We got up early for our first full day of our western vacation, determined to make the most of our only full day in Jackson/Grand Teton National Park. We headed to the park, planning to take advantage of the paved loop roads that create a scenic drive through the park.
Before I go any further, I have to say that we all loved, loved, loved this area and the park – highly recommend a visit here if you’re anywhere in the area.
Signs abound warning drivers to watch for wildlife on the road and at first, I was nervous that some rogue elk or moose would burst out of the woods next to the road and surprise us. That quickly turned into “when are we going to see some wildlife here?” since there was nary an elk, bison, or moose in sight, much less a rogue one. Our first sighting was halfway through the day when we spotted this moose, placidly chomping away just a few feet from the road inside the park.
We stopped off at Jackson Lake Lodge, built in 1955 and listed on the national register of historic places. The lobby area offered spectacular views of the mountains from 3 floor-to-ceiling windows.
Speaking of the mountains, the Tetons were the most unique we’ve seen. They rise almost vertically from a fault line that runs at the base on the mountains, which means that there aren’t really any foothills.
On the other side of the fault line is Jackson Hole, a valley of sorts ringed by the Tetons on one side and the Gros Ventre Range on the other. It’s hard to describe how different the mountains look rising fully formed without the hesitant fits and starts of foothills. It’s almost as if you can drive right up to the foot of the mountain, which we came pretty close to doing.
We also caught a nice view of the Teton glacier, an seemingly unassuming white patch neslted in the crook of the mountains. While taking in the view at the lodge, I overheard a conversation about a few people recently getting caught in an avalanche on Mount Moran near the glacier, one of whom didn’t survive. Sure puts that view into perspective.
Speaking of Mount Moran, here it is.
We left the lodge and toured more of the park, then stopped off at Jenny Lake, a popular camping and recreation spot. There were several swimmers and kayakers in the lake, but I’m sure that water was just a few degrees too cold for me!
Our last stop was Teton Village, a ski resort. We took a gondola ride to the top of the mountain, where we had spectacular views of Jackson Hole and Teton Village. Fortunately, we grabbed our jackets before we headed up since it was significantly cooler at an elevation of 10,450 feet. In places, the wind whipped around the mountains and brought some wicked wind chill with it, making me glad to have at least a hoodie to ward off the cold. I did wonder how the people getting off the gondola in nothing more than shorts and tanks tops would fare but perhaps they are made of more cold-resistant stuff than I.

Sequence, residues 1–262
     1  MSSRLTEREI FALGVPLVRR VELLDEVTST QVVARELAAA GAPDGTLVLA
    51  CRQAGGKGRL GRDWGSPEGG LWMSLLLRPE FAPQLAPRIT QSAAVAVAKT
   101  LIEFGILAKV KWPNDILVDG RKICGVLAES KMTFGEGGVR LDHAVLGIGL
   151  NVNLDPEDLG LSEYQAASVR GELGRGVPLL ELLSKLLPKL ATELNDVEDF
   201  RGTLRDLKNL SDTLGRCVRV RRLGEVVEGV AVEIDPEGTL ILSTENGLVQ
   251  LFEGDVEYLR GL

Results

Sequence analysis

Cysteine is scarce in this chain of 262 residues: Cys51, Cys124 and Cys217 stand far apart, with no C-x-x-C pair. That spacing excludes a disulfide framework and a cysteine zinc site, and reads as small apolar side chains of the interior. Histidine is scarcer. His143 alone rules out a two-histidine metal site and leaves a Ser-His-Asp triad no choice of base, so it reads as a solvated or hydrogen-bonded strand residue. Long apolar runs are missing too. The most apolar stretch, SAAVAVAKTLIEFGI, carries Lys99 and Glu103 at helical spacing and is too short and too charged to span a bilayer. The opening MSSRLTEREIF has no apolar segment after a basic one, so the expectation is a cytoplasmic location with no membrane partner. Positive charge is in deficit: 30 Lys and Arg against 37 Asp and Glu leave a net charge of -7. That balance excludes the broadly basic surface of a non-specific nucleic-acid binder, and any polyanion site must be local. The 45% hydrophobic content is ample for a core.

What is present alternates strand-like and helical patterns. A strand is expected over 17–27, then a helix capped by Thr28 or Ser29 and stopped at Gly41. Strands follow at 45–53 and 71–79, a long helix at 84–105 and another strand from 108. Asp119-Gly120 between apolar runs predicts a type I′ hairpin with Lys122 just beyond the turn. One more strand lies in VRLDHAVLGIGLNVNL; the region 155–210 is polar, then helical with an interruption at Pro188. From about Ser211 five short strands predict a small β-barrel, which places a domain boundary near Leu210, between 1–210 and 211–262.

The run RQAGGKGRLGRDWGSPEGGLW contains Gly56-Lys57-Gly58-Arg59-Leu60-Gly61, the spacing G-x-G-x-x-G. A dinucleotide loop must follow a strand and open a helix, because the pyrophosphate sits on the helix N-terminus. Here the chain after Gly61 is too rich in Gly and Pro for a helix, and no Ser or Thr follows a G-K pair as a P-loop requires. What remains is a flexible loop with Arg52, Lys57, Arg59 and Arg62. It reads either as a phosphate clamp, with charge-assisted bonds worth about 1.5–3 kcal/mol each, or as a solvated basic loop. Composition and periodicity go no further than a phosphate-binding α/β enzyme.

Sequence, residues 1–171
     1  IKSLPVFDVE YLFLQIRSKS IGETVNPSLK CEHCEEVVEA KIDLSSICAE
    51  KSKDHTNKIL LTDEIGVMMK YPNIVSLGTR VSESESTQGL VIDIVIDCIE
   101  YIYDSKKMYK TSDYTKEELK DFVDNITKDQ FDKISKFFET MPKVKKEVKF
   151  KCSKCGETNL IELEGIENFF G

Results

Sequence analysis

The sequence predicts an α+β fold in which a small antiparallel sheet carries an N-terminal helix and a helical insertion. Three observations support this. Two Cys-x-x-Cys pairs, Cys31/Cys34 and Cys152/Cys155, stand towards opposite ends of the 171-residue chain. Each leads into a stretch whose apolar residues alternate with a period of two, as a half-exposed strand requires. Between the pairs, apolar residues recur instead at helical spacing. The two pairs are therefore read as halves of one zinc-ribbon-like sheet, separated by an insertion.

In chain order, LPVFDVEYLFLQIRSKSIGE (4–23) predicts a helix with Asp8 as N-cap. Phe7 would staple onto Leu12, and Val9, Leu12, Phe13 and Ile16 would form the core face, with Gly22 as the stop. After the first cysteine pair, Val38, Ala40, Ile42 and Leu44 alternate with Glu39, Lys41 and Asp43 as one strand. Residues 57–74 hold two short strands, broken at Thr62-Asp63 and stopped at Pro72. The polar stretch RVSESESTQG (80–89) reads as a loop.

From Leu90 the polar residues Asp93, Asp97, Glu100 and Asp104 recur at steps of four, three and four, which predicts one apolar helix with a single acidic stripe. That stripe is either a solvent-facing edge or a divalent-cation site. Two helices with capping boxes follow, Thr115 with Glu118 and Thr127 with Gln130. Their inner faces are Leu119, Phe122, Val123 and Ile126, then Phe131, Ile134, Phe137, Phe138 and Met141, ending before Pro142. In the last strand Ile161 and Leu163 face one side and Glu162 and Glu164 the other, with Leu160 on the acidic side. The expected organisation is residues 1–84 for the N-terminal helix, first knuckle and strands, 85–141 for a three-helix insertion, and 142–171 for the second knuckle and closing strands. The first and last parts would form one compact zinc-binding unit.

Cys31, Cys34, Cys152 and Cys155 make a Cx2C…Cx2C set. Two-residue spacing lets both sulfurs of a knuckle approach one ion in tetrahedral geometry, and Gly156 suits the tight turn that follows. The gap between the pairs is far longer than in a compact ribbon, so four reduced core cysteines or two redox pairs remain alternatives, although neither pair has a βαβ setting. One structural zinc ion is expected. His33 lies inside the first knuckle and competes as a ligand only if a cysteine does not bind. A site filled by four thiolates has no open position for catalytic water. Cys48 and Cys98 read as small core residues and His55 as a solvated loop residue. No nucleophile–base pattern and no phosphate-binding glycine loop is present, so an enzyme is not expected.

Since we live in a subtropical climate, it was a novel experience for all of us to have a snowball fight (icy snow, but snow nonetheless) in the middle of June.
We wrapped up our Jackson experience by spending an evening in town. We watched a kitschy but entertaining re-enactment of a Wild West shootout in the town square, enjoyed bison burgers for dinner (well, at least the two adults did), and strolled around. It’s a charming town, with restaurants, art galleries, bars, and of course, stagecoach rides.
Speaking of the stagecoach, I can’t remember the last time I saw so many people almost get hit by cars as I did while eating dinner on a balcony overlooking the square. Seems that just the sight of a stagecoach was enough to make people forget that there are cars on the roads as they backed into the street to take pictures. I imagine a few of the locals are sorely tempted to bump a tourist here and there out of frustration.
A post about Jackson wouldn’t be complete without mentioning the elk antler arches posted on each corner of the square. I was surprised to learn that nothing more than careful placement and a few screws holds the arches together, which are made up of roughly 14,000 pounds of antlers. One of the arches was noticeably darker than the bleached-white of the other three. I figure that one must have been the final arch they replaced a couple of weeks before we arrived, culminating a 9-year project to replace all 4 arches. Kudos to Jackson for getting that arch done before we got there. They must have heard we were planning a visit. 😉
Some shots of the park and Jackson: